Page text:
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Listen to the mockingbird

By Gary Bogue
Monday, June 5th, 2006 at 12:43 pm in Mockingbird, scrub jay, wild birds.

Sunday afternoon I was making myself a sandwich for lunch when I heard a commotion out in the backyard. A scrub jay screaming and a sharp-sounding "Buzz! Buzz! Buzz!" I carefully peeked out the family room window and spotted Mr. Blue sitting on the fence between my yard and my neighbor’s. The scrub jay was getting buzzed by a mockingbird.

The mocker would fly up to the roof of my house, sit for a moment, then dive straight down at the jay, striking it a glancing blow with its body. It would finish its dive by swooping up and landing on top of the Monterey pine on the other side of my back fence, and then turn around and complete the circuit again by landing on my roof.

This went on for about five minutes. One dive was so violent, the mockingbird almost knocked the jay off the fence. Curiously, it just sat there and screamed back at the mocker. I figured it would go after the mocker and peck its little heart out. Nope.

The jay was bigger than the mocker, but in the wild, it’s the aggressiveness of the animal that counts. If you’ve ever seen a mockingbird working over your cat, you know what I mean. I’ve lost count of the e-mails and letters I’ve received over the years, complaining about those "mean old mockingbirds" that are "hurting my poor kitty and terrifying it to death."

Fact of the matter is, a mockingbird couldn’t physically injure a cat if it tried (and believe me, they do try!).

As I said, it’s the aggressiveness of the bird that counts, and its ability to psych out other animals. Scrub jays are bigger than mockingbirds, and this one in particular, Mr. Blue, had been ruling the neighborhood for the last several years. But for once, it looked like he’d met his match. This mockingbird was totally working over that mean old grumpy scrub jay.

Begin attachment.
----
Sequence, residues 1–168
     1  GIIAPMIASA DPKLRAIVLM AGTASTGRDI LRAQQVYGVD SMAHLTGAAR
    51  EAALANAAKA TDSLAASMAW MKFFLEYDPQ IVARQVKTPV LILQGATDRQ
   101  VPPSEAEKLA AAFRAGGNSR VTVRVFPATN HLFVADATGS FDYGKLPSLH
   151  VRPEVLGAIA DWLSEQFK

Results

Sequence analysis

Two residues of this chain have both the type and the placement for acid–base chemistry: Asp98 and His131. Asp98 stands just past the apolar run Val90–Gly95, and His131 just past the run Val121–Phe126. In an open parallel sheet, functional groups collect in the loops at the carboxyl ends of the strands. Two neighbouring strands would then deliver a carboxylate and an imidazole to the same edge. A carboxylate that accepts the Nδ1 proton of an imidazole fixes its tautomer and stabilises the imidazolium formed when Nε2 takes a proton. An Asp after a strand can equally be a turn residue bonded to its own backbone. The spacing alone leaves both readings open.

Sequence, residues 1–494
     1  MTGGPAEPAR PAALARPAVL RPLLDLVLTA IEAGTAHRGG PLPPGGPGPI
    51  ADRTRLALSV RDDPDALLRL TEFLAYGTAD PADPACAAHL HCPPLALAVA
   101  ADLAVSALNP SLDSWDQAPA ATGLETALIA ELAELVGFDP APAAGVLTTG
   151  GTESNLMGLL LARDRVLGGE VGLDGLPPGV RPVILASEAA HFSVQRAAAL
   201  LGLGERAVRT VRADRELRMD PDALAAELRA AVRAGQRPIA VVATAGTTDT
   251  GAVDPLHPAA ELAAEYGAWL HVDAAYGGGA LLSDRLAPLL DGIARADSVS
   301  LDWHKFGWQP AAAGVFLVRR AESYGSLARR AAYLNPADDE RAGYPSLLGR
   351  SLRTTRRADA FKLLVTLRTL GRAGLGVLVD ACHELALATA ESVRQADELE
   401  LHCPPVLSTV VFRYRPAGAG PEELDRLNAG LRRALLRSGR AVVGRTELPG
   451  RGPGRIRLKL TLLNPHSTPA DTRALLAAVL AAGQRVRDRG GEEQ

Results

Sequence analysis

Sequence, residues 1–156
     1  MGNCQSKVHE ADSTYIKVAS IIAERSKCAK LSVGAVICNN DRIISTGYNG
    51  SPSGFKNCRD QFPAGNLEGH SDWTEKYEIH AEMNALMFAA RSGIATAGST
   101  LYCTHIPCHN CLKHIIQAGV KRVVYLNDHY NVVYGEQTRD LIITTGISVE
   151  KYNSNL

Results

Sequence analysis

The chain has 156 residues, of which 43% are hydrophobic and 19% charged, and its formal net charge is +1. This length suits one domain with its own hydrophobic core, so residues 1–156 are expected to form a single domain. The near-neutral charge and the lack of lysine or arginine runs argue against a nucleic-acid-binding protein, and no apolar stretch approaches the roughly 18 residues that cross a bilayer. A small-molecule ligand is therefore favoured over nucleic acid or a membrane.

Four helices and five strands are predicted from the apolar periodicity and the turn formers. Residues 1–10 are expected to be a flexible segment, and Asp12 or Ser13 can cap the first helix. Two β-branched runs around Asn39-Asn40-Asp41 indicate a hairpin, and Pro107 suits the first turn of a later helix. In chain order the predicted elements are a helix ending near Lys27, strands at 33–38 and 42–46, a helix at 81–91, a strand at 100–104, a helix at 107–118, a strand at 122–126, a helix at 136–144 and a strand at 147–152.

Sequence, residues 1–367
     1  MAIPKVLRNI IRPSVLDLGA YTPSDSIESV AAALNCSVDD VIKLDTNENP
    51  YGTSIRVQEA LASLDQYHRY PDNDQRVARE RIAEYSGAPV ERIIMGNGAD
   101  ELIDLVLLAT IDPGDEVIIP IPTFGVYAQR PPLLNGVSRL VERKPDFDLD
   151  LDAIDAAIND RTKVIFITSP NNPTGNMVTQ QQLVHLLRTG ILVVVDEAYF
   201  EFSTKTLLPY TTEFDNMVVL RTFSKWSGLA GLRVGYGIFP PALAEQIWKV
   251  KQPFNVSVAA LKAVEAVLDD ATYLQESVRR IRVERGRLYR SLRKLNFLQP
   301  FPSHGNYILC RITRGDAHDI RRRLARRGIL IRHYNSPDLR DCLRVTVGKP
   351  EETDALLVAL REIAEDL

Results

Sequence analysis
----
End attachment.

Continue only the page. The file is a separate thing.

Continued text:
Looks like we have a new "King of Gary’s Backyard."

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6 Responses to “Listen to the mockingbird”

  1. Catherine Says:

    I just found this while googling issues relating to mockingbird aggression. There’s one in our parking lot at work that’s been dive-bombing me in the exact way you described. I’m really really sick of that bird and need to figure out something to do before I get bitten or pecked or something.

  2. Bob Reading Says:

    Gary, the fix for the mockingbirds, is to go up the tree as far as you can and tie a rope to a branch. When the bird starts his loud song, go out and pull hard on the rope, it will shake the tree and after about 10 times doing this, the bird will go away. When I did this he went to our neighbors yard, and keped him awake an we enjoyed a peaceful sleep.

  3. Kaye Says:

    I have a 1 year old cockatiel that talks a lot and likes to be outside in his cage. Lately I have heard a mockingbird repeating some of his words and phrases. It’s really fun but am I hearing things?

  4. Gary Bogue Says:

    Kaye: I’ve heard mockingbirds imitate some pretty strange things so it wouldn’t surprise me that one would imitate your cockatiel. Cell phone rings, washing machine and dryer beeps, cat meowing, etc. Pretty amazing birds. /Gary

  5. Kathie Says:

    I’ve been feeding finches in my backyard for years and thoroughly enjoying watching them feast on the thistle seed, drink for the water dish, and build their nests in the vines that grow up our garage. Last year, in the matter of one week, all three of the vine nests have been disturbed and the eggs were all gone. A mockingbird started taking over the yard and chasing the finches away. I don’t know if the mocker took the nests out or it was another animal, maybe a rat? This spring the finches were back, building their nests and feeding happily. Then a pair of mockingbirds started diving on the finches at their feeder bag, and again, the nests were taken apart and the eggs disappeared. Later I found three nests inhabited by mockers in my grapevines growing over our patio. I don’t want the mockers in my yard, I only want the finches. That’s why I just put out the thistle seed in a sock hoping to keep the bigger birds away. Is there anyway to get the mockers to go away? I took their nests down (two were empty), which didn’t make them happy, but they’re still coming around, “singing” all night, and scaring the little birds away. Help!

  6. Mary Jo Says:

    Hi Gary,
    May 8, 2011. Sky Valley, CA. Yesterday I saw a pair of mockingbirds drive a very large crow out of the Green Palo Verde tree in my back yard. One of the mocker’s danced all around behind the crow and distracted it, while the other one, who was on a branch in front of the the crow, continually made a very good imitation of a rattlesnake’s rattle! This went on for at least 10 minutes before the crow decided to leave. As the crow tried to take flight through the tangled maze of branches, the mockers attacked and ultimately chased him through the sky for a quarter of a mile!

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